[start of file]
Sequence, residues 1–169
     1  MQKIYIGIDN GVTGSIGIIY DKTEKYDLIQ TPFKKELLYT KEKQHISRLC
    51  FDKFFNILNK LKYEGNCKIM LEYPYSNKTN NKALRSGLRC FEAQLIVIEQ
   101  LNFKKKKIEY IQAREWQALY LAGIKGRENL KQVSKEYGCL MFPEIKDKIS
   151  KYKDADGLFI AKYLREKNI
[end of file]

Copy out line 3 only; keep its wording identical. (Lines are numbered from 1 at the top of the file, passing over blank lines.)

    51  FDKFFNILNK LKYEGNCKIM LEYPYSNKTN NKALRSGLRC FEAQLIVIEQ